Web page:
photo - Victoria Crown Pigeon with all blue color feathers, with spindly long fluff feathers with white tis on each one, has red eye sitting on branch, with brown branches, green leaves in background.

Pigeon, Victoria Crowned

Order: Columbiformes
Family: Columbidae
Genus: Goura
Species: victoria
New Guinea and a few adjoining islands.
Moist lowland rain forests, generally up to about 110 m in elevation.
Victoria’s crowned pigeons are 24 – 28 inches long. They weigh about 4 ½ pounds.
Wild: Unknown
Captivity: 15 – 20 years
During courtship, the male gives a loud booming call. Other displays include a bow, in which the male spreads and erects his tail, partly opens his wings, and bows his head. In addition he may also dance on the ground with wings up-stretched while the female lifts her wings high and runs around him in a circle. Once the male chooses the nesting site he will initially present nesting material to the female, later either may present.
Nests are solid, compact, and built of dead stems, sticks, and leaves. They are low to the ground, usually about 12–50 feet from ground level. They prefer areas with tall hedges and thickets to woodlands. The female lays one or two white elliptical eggs; they may have a bluish tint to them. Incubation lasts from 28–30 days; both the male and female share the responsibility. Shortly before the chick is due to hatch, the lining of the parent birds’ crop begins to thicken. This lining sloughs off to form a cheesy material commonly called “crop milk”. The parents regurgitate this to feed the chick until it is 3 – 10 days old. As the chick grows, grain and fruit are added to the diet. The newborn chicks are “altricial,” meaning they are almost helpless after hatching and require attentive parental care and feeding. The young birds can fly when they are three weeks old and will leave the nest around one month in age. Parents will continue to feed the chicks for a short period after fledging. Captive birds reach sexual maturity in their second year.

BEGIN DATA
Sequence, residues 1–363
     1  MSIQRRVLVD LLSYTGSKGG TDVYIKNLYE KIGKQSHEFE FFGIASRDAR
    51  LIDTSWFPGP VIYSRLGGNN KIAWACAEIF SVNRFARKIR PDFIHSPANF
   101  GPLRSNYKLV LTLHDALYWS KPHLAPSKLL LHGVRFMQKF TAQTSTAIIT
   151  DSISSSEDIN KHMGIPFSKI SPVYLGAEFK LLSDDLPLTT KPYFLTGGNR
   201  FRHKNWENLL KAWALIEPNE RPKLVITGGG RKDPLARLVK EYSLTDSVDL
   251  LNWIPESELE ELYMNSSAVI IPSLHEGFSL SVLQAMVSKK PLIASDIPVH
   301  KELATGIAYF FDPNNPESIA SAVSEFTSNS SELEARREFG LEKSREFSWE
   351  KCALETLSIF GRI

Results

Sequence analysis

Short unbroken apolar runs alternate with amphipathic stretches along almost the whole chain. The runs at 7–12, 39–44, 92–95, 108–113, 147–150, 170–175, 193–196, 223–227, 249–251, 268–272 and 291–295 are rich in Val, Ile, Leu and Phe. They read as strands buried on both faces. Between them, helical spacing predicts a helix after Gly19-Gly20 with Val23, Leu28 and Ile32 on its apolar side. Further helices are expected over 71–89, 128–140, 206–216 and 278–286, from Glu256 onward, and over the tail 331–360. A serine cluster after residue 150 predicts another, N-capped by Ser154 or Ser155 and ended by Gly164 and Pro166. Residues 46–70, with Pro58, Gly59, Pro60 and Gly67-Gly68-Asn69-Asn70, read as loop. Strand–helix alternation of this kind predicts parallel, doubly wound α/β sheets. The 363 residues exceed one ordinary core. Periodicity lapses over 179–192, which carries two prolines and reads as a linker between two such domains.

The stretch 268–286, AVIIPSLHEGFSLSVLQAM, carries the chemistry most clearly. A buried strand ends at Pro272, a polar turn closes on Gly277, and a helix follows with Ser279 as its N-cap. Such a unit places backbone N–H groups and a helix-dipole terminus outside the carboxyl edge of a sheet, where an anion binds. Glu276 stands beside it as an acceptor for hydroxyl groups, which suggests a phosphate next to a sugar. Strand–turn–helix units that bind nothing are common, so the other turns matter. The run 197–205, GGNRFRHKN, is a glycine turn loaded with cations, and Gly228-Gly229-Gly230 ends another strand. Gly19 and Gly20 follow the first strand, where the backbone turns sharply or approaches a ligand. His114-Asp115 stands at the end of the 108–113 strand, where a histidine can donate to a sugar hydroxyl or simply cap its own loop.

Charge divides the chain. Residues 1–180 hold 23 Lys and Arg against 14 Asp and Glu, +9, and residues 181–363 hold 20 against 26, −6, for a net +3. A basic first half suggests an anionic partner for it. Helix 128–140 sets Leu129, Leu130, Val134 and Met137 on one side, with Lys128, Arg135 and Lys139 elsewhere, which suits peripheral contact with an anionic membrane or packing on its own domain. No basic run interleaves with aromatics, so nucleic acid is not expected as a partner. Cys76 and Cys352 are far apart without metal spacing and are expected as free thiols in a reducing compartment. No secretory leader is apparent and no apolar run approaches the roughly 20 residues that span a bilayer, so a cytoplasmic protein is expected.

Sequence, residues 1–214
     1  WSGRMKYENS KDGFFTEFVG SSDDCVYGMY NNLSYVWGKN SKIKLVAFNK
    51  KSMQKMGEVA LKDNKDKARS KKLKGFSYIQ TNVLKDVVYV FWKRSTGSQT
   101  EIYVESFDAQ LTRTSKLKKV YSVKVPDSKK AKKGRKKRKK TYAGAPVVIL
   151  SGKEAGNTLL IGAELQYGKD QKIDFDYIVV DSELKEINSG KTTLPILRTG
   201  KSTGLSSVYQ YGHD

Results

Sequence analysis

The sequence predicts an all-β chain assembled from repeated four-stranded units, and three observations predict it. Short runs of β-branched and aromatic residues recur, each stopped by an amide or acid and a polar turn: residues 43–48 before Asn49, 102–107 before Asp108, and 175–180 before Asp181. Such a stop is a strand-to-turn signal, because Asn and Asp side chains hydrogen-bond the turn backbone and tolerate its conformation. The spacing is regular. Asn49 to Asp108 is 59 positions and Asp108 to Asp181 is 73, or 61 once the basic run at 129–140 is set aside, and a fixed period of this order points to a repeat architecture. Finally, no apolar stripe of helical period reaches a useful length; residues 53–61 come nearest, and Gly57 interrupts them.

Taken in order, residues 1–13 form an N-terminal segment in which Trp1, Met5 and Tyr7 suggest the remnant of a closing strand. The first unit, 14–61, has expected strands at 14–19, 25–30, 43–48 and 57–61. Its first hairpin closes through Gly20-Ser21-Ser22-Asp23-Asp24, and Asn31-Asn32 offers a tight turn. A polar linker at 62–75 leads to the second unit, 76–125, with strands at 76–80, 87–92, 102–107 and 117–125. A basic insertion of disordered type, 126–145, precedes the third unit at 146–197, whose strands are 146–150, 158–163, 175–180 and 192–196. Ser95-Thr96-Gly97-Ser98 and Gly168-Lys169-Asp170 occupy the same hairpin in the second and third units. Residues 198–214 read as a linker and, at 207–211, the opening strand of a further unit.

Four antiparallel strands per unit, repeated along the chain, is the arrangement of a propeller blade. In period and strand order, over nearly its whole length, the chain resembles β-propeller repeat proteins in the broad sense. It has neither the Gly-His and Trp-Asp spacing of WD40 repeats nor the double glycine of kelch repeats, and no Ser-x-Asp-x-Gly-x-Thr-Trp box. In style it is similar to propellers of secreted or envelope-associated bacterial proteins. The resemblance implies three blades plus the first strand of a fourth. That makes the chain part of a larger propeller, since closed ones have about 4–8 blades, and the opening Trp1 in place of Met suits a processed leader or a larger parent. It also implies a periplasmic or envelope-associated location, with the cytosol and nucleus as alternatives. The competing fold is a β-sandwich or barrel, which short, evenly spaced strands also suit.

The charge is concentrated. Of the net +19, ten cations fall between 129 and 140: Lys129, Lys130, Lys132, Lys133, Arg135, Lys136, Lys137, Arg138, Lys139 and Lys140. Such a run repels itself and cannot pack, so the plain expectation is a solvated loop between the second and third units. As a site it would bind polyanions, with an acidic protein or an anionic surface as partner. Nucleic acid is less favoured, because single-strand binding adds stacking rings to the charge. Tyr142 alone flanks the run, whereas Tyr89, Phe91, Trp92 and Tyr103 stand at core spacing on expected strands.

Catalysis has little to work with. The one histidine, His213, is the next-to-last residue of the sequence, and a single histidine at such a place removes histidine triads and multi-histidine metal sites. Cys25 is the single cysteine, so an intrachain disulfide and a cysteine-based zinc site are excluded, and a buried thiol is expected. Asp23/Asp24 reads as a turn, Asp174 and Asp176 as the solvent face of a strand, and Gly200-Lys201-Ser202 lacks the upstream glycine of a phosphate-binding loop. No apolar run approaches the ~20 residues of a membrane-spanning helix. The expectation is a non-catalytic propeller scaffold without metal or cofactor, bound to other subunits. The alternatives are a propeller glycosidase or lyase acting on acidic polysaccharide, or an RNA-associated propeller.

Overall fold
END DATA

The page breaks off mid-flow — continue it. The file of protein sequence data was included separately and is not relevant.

In the wild they are believed to feed on fallen fruits, seeds, berries, insects, and other invertebrates. In zoos they are fed papaya, avian maintenance pellets, mealworms, corn grubs, and Bird of Paradise pellets.
All pigeon and dove species move about in flocks during the day and roost together at night. These birds begin their morning with a chorus of calls before the flock sets out to feed and drink. They forage for food on the ground, perching on the low branches of trees only when disturbed or to roost. They then return to their perching place, where they stay during the hottest part of the day. In the afternoon they again go off to feed and drink, finally retiring at night.
The three crowned pigeon species are similar in coloration and size. All are blue-gray with patches of maroon. They have long tails, red eyes, stout red legs, and large, lacy, fan-like head crests, for which they have been widely hunted. In addition to being hunted for their crests, these pigeons are also hunted for their flesh, which, like that of all pigeons is good eating. The largest of the pigeons, these birds have almost disappeared from near human habitations, but are reported to be fairly common in the wilder jungles of New Guinea.
The Victoria crowned pigeon is listed as vulnerable by IUCN. The common-crowned pigeon is listed on Appendix II of the Convention on International Trade in Endangered Species of Wild Flora and Fauna (CITES). Despite this legal protection they remain under heavy pressure from illegal hunting and the demands of the Southeast Asian pet trade.